The silence did not escape the attention of golf industry brainiacs.
Not a word, said Titleist chief Wally Uihlein on the phone the other day. Not a single word about tradition versus technology.
Well, of course not. There was golf being played. Real, grind-it-out, dont-miss-the-fairway, par-is-God, U.S. Golf Association-style golf. It took all the attention we had.
I tried to ask some equipment regulation questions early in the week, honest. Heck, its my job. The powers that be cooperated, but they cast me a vague look as if I had brought an orangutan to a black tie wedding at the Plaza. Interesting, but why would I want to ruin this nice party?
Fact is, no one cared much about coefficient of restitution at the national championship. Sure, guys had trouble reaching the 10th fairway, but no one said, What I wouldnt give for .03 more COR!
The USGA and its world counterpart, the Royal & Ancient Golf Club of St. Andrews, deserve credit for hammering out the May 9 Proposal to settle the regulation of spring-like effect off the face of modern drivers. Its a compromise, and therefore imperfect (they are the first to admit this), and it reads like legislation, complete with vaguely defined terms (whats a highly skilled player, and when does he have to give up his .86 driver?), which brings justified criticism. But at least they did something, taking a step (some say a lurch) in the right direction after 18 months of hand-wringing and public grimacing about the difficulty of it all.
But the great national shoulder shrug with which the golf public has met the issue should be a lesson in itself. Poll the sleep-out regulars at Bethpage Black, as hard-core a group as you will find, and my bet is youll find much more concern about the bunkers of 15 than about trampoline effect.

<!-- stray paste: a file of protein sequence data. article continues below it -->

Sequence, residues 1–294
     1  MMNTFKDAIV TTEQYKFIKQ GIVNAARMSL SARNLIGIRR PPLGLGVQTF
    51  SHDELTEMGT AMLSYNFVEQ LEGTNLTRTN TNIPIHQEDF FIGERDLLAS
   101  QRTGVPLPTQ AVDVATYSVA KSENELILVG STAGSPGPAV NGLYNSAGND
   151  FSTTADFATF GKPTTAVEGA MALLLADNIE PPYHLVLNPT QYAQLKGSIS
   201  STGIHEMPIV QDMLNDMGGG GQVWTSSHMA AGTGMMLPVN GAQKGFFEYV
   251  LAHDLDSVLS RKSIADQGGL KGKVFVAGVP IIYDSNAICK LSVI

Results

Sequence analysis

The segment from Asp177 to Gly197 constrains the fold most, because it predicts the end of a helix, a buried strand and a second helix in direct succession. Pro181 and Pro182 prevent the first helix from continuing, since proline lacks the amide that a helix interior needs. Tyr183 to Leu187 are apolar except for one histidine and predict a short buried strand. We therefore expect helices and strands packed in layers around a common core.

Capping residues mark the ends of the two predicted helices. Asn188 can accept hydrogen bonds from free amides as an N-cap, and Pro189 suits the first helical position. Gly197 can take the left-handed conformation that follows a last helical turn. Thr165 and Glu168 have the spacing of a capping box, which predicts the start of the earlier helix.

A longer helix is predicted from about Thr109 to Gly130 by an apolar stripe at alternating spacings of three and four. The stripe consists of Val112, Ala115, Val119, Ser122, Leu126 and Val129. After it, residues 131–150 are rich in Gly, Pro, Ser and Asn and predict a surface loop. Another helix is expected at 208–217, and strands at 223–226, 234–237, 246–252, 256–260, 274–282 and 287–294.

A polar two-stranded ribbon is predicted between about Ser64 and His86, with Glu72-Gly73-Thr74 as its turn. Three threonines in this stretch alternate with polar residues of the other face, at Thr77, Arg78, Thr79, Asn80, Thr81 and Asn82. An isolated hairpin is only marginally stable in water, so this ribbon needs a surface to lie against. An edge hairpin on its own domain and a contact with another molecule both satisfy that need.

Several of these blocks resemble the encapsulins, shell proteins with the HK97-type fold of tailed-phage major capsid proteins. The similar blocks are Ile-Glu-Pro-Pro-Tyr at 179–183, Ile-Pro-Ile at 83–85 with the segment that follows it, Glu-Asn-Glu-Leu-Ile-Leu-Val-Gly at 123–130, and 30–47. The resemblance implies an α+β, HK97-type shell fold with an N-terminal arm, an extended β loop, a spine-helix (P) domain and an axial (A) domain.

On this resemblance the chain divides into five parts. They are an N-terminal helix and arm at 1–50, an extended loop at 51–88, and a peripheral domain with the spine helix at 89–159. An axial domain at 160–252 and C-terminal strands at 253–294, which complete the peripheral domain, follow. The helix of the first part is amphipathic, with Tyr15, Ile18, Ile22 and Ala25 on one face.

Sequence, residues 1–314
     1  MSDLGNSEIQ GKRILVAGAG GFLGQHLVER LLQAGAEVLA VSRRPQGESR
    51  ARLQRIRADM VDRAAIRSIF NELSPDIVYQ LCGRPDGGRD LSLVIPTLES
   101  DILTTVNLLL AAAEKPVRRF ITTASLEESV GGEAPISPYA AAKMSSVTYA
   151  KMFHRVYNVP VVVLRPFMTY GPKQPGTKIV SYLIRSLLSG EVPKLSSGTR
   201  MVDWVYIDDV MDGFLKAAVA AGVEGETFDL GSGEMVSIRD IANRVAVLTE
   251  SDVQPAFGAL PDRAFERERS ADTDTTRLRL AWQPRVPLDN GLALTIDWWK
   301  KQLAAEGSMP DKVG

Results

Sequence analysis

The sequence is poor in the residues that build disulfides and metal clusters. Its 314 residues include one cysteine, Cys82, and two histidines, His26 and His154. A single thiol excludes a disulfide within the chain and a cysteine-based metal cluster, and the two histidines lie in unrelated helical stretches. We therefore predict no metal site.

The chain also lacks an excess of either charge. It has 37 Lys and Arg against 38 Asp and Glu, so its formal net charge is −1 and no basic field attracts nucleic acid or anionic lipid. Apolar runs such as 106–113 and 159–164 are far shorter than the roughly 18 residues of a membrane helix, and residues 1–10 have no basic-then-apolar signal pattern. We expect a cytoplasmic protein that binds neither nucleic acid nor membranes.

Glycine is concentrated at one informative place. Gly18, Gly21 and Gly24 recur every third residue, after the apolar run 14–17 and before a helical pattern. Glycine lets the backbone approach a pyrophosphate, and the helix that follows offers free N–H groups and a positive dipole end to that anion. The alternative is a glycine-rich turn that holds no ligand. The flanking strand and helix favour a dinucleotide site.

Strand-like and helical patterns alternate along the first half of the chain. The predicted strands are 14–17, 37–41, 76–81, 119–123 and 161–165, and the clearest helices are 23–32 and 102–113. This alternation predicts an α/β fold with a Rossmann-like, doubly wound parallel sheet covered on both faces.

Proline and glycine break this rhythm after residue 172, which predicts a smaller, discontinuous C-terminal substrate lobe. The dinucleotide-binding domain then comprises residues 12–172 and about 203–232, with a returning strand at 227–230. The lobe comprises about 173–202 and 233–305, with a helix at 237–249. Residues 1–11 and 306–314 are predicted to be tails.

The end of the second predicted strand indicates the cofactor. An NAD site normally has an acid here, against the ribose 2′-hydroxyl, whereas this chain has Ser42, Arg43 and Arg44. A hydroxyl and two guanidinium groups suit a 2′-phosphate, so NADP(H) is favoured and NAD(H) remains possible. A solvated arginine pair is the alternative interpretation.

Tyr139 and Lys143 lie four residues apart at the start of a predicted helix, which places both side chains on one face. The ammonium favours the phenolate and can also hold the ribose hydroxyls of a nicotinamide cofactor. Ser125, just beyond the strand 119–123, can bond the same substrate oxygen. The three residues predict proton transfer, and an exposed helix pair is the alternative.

It may well be that those in the trade and those who cover it know and care more about regulation than those who actually walk the turf. I mean, I cant actually hear you going to get a sandwich when I report on this stuff on TV, but I have my suspicions.
Herein lies the real core: The regulators should not forget the regulated. At bottom, its good for golf if more people play it and become interested in it. So it stands to reason that the organizations should put their emphasis there.
(Not to all reason, evidently. I once got an e-mail from former USGA executive director Frank Hannigan, presumably in response to one of my columns, in which he asked where I ever got the crazy idea that the USGA should care about participation. I replied, but he never answered. Go figure.)
Still, the regulatory matters need attention. Its the ruling bodies job, after all. But folks, please ' and I say this with all due respect ' can we please get on with it? Enough distraction with things that dont intimately involve grass, fresh air and the actual movement of equipment. Some equipment issue or other has been a burr under some saddle for the better part of four years, since USGA executive director David Fay and then-president Trey Holland sat on a stage at Olympic and said existing drivers would be O.K. Lets finish the notice and comment period on July 15, make the law and move on. Then lets move with alacrity (and total manufacturer involvement, start to finish) on golf balls.
The rulemakers counsel patience, reminding us that rule changes in golf should not be made lightly. True. Reed Mackenzie, the current USGA president, brings a lawyerly sense of deliberation to the process, as well he should. But deliberation has more to do with care than slowness for its own sake. Im not saying floor it. Just push the pedal a bit.
Then the ruling bodies and the major organizations in the game can start devoting their full attention to an effective invitation to the game ' and a welcome that will make people want to stay in it.
Dont worry about me. Ill find something else to report on. So get your sandwich now.